(JTA) — A state Supreme Court decision in Michigan that leaves state reimbursements for non-public schools in place for 2017 has won praise from Orthodox Jewish groups.
At issue was the constitutionality of $2.5 million in public funds for the schools’ health and safety mandates included in the state budget for next year.
The Michigan high court said it decided not to hear the case on the constitutionality of the program because it was not “persuaded that granting the request would be an appropriate exercise of the Court’s discretion.” The decision was issued on Oct. 5.
Since the court declined to hear the case, non-public schools, including Jewish day schools, will continue to receive the reimbursements.
Gov. Rick Snyder asked the court to review the reimbursement issue in an advisory opinion in July when he signed the budget for the new fiscal year, which began Oct. 1.
The Orthodox Union welcomed the decision in a statement issued Friday, saying it was “thankful” that the money stayed in the budget.
“For the time being, children in non-public schools will get the financial help they need,” the group said. “We remain optimistic that this funding will eventually be ruled constitutional for the benefit of children in years to come.”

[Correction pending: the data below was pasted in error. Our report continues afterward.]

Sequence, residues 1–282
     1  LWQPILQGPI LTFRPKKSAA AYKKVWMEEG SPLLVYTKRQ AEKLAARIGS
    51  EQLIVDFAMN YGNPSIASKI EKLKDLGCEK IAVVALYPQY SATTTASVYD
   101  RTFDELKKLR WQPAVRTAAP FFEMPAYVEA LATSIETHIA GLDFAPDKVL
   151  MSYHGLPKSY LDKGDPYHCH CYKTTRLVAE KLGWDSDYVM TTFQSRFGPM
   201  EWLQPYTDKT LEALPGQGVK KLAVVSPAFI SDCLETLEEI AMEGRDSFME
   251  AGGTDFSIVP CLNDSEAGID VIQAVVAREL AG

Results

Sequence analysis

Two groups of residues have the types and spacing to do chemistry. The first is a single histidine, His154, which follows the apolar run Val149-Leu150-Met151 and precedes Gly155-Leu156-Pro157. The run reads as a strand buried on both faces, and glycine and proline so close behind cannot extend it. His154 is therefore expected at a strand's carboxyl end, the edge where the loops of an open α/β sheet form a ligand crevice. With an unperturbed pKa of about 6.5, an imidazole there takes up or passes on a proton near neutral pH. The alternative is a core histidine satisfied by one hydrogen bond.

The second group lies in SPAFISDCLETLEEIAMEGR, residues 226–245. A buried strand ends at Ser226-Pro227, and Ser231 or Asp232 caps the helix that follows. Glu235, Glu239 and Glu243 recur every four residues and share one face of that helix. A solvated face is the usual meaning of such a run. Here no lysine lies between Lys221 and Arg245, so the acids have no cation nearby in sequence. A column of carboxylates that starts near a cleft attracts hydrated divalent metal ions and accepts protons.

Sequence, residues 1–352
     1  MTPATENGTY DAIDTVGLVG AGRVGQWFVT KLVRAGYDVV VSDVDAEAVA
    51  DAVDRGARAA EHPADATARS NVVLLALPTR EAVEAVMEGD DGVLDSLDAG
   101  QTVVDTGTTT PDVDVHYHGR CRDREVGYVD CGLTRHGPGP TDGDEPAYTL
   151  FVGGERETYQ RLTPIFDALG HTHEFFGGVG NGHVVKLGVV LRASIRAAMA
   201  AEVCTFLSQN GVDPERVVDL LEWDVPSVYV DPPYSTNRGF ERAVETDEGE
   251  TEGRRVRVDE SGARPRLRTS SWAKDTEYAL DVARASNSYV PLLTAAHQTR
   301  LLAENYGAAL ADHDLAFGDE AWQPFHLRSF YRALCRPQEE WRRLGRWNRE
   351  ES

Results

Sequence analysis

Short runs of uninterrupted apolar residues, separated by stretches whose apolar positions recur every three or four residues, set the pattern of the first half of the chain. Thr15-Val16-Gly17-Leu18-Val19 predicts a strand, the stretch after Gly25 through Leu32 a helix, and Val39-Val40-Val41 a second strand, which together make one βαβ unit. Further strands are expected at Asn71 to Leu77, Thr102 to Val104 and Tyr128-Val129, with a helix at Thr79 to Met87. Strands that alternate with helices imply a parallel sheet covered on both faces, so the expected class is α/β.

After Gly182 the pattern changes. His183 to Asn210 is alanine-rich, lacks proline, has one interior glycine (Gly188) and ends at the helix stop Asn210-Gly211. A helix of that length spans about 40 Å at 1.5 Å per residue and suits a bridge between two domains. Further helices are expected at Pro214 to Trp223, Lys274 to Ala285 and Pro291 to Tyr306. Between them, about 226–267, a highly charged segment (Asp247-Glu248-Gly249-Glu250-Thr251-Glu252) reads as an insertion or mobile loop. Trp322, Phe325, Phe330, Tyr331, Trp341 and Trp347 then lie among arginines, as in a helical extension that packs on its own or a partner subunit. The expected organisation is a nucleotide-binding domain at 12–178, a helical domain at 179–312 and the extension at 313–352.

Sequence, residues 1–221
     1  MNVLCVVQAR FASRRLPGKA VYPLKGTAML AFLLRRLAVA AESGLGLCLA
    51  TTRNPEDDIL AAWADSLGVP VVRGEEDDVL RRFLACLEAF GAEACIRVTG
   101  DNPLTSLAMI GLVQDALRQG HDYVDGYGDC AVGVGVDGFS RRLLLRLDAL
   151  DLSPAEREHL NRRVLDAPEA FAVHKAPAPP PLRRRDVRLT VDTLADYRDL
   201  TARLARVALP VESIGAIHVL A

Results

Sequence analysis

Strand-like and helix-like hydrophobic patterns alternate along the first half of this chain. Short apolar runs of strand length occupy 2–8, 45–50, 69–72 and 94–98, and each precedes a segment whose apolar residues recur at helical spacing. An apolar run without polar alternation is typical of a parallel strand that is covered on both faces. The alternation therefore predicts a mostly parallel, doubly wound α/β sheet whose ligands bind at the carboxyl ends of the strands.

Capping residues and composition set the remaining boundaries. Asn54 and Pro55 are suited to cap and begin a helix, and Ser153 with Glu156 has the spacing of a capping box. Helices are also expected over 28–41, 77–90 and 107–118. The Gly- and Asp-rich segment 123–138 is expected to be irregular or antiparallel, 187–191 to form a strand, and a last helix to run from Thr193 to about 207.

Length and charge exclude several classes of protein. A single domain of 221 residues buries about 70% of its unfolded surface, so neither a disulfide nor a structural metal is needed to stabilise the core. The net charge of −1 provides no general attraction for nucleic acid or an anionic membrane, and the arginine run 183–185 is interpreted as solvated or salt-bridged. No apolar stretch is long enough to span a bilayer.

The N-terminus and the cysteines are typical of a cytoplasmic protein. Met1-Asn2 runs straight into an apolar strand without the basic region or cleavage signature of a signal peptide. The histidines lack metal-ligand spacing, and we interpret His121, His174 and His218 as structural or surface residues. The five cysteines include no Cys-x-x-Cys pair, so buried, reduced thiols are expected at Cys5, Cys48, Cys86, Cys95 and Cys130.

Agudath Israel of America, a haredi Orthodox group, also welcomed the decision.
Four U.S. states, including New York, now provide reimbursements to private schools for state mandates.
“While we are disappointed that the court didn’t provide the clarity we had requested, we are happy that the program can now proceed,” said Agudah’s national director of state relations, Rabbi A.D. Motzen.
Education groups against the reimbursement point out that private schools cannot receive public funds, noting the Michigan state constitution says: “No public monies or property shall be appropriated or paid … directly or indirectly to aid or maintain any private, denominational or other nonpublic, pre-elementary, elementary or secondary school.”
There are 643 private schools in Michigan.